In many healthcare settings, CRNAs directly administer anesthesia and sedation. They may work alone or alongside a physician, anesthesiologist, or other CRNAs, depending on the needs of their patients and the scale of the procedures being performed. 

Because their job requires such advanced knowledge and experience, CRNAs are some of the top-earning nurses in the U.S. The median salary for a CRNA is $140,357. 

Recommended Reading - How Much Do Certified Registered Nurse Anesthetists (CRNA) Make?

ER Nurses

An ER Nurse specialized in emergency and acute care. They can work in hospital ERs, emergency centers, urgent care clinics, or trauma centers. Nurses who choose to specialize in ER care must enjoy a fast-paced, demanding environment that can present any number of challenges. 

Patients range from newborns to senior citizens, so there is always an opportunity to gain experience through various treatments. ER Nurses can also play a critical role in saving the lives of patients who arrive in critical condition. 

They may have to perform life-saving interventions on patients who are in serious accidents, suffering stroke or heartache, or any other number of conditions. 

Being an ER Nurse can be challenging due to the intensity of the role and the long hours and sometimes irregular shifts. Emergency care is always needed, so it’s not uncommon for ER nurses to work overnight or on holidays. 

You’ll need to pass the NCLEX-RN exam to become an ER nurse. Then, you can work on earning your CEN or certified emergency nurse certification. 

Recommended Reading - How to become an ER Nurse in the USA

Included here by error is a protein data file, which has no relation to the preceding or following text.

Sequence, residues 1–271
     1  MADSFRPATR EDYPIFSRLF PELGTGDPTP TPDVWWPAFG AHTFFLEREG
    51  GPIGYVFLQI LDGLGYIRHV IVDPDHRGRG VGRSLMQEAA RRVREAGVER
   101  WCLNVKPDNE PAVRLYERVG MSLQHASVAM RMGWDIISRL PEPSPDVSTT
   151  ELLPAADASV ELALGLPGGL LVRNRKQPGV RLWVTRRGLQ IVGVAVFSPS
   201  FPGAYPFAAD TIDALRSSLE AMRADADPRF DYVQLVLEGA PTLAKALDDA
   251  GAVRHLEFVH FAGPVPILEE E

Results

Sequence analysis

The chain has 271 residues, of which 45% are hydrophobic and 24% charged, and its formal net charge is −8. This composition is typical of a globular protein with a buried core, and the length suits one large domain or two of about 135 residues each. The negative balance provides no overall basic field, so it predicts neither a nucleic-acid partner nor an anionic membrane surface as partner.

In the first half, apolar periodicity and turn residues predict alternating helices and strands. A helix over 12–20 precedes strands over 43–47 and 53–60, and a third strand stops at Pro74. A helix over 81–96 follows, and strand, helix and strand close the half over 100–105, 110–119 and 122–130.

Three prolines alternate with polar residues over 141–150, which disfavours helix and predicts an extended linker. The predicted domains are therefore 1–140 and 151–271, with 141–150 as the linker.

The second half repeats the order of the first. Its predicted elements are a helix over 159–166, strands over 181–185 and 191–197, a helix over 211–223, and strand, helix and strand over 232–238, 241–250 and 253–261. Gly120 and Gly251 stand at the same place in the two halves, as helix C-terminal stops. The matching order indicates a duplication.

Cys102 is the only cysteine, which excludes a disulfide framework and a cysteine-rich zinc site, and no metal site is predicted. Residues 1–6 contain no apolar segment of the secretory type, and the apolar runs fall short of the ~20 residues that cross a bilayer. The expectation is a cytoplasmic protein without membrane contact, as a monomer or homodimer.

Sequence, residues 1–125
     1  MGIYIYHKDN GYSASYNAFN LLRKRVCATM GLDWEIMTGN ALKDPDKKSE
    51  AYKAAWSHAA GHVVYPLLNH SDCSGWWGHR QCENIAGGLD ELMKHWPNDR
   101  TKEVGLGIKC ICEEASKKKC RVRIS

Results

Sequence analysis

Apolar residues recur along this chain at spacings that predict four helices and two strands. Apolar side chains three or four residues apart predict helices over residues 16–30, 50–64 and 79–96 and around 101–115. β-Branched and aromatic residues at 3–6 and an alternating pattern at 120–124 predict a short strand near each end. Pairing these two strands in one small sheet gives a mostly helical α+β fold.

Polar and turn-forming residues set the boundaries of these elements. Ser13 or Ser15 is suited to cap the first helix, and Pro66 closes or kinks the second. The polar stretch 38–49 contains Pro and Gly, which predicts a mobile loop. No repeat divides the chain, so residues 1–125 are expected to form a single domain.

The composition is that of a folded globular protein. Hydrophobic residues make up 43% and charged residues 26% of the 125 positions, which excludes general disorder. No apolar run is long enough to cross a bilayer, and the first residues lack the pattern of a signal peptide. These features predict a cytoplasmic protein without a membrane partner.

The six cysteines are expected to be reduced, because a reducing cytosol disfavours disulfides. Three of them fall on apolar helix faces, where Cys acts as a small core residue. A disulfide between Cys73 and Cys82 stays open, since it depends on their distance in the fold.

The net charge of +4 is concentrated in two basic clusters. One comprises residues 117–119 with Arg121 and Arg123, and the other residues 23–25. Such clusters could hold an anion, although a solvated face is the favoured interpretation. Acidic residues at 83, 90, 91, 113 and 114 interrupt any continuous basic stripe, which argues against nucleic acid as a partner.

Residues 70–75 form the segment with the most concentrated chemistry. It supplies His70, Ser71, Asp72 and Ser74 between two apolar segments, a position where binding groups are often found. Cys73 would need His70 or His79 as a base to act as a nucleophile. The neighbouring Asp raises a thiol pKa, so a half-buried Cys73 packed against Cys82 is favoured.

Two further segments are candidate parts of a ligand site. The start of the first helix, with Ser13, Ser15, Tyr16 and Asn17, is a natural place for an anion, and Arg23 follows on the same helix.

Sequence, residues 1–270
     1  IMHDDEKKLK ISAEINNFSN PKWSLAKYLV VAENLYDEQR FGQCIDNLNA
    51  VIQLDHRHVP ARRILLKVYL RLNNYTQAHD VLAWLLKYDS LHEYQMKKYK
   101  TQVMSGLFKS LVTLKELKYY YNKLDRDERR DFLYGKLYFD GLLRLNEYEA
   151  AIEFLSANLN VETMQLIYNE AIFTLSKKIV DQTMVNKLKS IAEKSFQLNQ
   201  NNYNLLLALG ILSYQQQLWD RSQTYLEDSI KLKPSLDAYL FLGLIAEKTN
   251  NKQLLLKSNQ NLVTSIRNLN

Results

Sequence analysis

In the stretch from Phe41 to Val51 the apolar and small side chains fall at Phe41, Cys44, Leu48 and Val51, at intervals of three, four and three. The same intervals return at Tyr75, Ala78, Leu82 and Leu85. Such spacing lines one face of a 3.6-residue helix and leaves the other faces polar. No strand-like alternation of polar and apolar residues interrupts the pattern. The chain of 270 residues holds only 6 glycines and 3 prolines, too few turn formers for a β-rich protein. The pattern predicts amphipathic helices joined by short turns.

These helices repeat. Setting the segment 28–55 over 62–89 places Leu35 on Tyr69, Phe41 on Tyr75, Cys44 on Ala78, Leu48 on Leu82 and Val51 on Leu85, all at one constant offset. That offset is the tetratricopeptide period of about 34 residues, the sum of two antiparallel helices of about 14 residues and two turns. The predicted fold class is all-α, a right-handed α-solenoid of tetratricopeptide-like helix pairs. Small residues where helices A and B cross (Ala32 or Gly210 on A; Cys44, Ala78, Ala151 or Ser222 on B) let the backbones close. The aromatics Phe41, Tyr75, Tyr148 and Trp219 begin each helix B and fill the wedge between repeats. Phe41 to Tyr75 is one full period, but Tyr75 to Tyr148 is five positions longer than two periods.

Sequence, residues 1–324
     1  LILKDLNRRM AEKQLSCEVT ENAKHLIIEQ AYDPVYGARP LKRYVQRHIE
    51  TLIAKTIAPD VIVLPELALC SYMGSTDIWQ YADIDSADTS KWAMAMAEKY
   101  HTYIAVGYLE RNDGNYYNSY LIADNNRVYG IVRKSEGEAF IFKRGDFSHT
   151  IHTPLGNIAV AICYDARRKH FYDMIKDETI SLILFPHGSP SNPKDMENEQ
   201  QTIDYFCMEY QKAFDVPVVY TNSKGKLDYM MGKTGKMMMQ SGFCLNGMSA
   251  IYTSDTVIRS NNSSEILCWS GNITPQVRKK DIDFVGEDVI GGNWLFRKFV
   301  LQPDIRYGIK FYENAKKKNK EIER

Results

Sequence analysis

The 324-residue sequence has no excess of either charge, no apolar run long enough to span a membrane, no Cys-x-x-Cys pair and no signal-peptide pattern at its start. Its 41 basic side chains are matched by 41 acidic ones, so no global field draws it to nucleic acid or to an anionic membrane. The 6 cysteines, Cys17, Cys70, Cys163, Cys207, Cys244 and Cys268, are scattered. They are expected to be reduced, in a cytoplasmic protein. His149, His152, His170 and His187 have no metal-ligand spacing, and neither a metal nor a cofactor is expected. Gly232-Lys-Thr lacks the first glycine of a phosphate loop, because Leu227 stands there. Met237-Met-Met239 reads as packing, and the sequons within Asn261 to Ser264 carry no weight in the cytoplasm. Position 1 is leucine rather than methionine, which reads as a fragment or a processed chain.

The average annual salary of an ER Nurse in America is $78,451.

Recommended Reading - How much do Emergency Room Nurses (ER Nurses) make?

NICU Nurses (Neonatal Nurses)

Neonatal Nurses work with the tiniest patients on the planet. They specialize in supporting premature babies, babies born with congenital disabilities, and sick or injured neonates on the path to health and wellness.

Recommended Reading - What is a Neonatal Nurse (NICU Nurse) in The USA?

Because their patients are so fragile, NICU Nurses must earn certifications in neonatal critical care and neonatal life support. 

A NICU Nurse takes care of infants in the NICU ward while providing routine care, such as feeding and changing diapers. They also comfort parents and educate them on how to support their infants’ care. 

Recommended Reading - How to Become a Neonatal Nurse (NICU Nurse) in the USA

Being a NICU Nurse can be highly rewarding as you watch infants grow and thrive despite any odds they’re up against. You will need to work on-demand as there is never a time nurses aren’t required in the NICU.